Identical twins aren’t all identical, study finds

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Do you have an identical twin? Are you sure?

New research finds not all identical twins have identical DNA, and the differences can begin early in embryonic development.

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Identical, or monozygotic, twins come from one fertilized egg that splits in two. The pairs have been important in scientific research because physical and behavioral differences were presumed to be caused by the environment, the Guardian reported.

“So if you take identical twins raised apart and one of them developed autism, the classic interpretation has been that that is caused by the environment,” said Kari Stefansson, a co-author of the paper.

His research, published recently in the journal Nature Genetics, might throw a monkey wrench into those views, however.

Stefansson, who is the head of Iceland’s deCODE genetics and his team sequenced the genomes of 387 pairs of identical twins and their parents, spouses and children in order to track genetic mutations.

A mutation is an alteration in the genetic material of a cell that is more or less permanent and that can be transmitted to a cell’s descendants.

The researchers found that twins differed, on average, by 5.2 early developmental mutations.

In about 15% of pairs, one sibling carried a high number of these mutations while the other didn’t.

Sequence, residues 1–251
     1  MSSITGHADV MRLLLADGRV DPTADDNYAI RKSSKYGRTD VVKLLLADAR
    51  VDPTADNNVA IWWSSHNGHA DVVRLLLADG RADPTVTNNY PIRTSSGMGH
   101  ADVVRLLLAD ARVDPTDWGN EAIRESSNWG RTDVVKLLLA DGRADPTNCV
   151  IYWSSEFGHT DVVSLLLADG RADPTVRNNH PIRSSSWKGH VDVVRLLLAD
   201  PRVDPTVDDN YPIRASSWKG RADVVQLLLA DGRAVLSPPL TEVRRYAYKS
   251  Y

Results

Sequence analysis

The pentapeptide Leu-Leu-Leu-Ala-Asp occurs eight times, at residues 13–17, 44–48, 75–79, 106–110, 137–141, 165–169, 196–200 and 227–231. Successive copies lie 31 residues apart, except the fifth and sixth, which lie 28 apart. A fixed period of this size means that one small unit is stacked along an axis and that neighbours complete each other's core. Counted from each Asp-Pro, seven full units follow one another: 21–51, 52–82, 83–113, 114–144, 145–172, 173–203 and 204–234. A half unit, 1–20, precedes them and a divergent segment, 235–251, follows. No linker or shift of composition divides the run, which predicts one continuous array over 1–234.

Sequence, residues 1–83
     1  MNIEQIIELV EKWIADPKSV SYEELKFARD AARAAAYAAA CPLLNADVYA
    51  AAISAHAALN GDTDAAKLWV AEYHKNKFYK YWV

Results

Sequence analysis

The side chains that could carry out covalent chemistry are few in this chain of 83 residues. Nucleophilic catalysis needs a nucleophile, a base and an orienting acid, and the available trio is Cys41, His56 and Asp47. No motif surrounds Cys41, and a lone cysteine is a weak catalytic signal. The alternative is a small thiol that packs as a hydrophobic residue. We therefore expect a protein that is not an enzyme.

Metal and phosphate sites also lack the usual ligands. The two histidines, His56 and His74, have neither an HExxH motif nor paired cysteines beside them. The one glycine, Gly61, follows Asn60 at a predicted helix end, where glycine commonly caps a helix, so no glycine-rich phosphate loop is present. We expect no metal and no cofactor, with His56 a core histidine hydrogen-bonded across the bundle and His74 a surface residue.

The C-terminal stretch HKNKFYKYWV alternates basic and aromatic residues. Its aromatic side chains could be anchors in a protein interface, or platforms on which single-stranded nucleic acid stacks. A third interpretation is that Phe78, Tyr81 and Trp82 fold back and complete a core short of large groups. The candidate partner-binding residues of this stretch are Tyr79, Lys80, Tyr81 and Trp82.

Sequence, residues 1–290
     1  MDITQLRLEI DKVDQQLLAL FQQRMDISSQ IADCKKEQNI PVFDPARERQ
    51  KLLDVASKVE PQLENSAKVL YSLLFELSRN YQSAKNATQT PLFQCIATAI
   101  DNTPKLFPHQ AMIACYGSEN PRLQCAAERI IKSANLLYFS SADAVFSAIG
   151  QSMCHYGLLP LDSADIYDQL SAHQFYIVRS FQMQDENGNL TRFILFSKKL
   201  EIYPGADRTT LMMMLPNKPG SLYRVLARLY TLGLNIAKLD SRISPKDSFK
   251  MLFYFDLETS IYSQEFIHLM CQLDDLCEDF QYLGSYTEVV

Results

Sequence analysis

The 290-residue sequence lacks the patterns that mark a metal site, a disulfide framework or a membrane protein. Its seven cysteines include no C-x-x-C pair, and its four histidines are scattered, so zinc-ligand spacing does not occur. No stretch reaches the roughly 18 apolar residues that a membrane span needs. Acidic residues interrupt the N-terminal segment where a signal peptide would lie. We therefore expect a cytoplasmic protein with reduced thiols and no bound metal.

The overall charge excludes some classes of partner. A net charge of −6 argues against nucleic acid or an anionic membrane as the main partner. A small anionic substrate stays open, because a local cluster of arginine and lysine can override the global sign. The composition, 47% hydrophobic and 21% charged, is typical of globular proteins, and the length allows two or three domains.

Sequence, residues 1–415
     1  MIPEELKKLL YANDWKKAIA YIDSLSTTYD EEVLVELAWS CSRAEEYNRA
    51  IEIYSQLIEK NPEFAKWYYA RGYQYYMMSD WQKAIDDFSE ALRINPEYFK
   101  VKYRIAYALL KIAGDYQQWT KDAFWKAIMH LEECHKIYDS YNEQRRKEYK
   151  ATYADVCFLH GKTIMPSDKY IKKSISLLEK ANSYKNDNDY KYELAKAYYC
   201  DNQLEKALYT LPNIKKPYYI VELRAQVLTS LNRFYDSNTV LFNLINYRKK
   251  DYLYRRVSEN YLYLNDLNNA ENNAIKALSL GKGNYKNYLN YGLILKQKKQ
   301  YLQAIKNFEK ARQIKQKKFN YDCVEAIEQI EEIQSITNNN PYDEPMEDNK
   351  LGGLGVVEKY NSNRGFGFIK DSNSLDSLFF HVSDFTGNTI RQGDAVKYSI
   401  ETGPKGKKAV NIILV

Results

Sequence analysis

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In one of the pairs of twins studied, the Guardian reported, a mutation was present in all cells in one sibling’s body — meaning it is likely to have happened very early in development — but not at all in the other twin.

Scientists expect mutations that happen in the first few weeks of development to be widespread not just in an individual but also in their offspring.

Stefansson said that out of the initial mass that would go on to form the individuals, “one of the twins is made out of the descendants of the cell where the mutation took place and nothing else,” while the other was not.

“These mutations are interesting because they allow you to begin to explore the way in which twinning happens,” he told the Guardian.

Stefansson said the term “identical” might be misleading in light of his research.

“I am more inclined to call them monozygotic twins today than identical,” he said.

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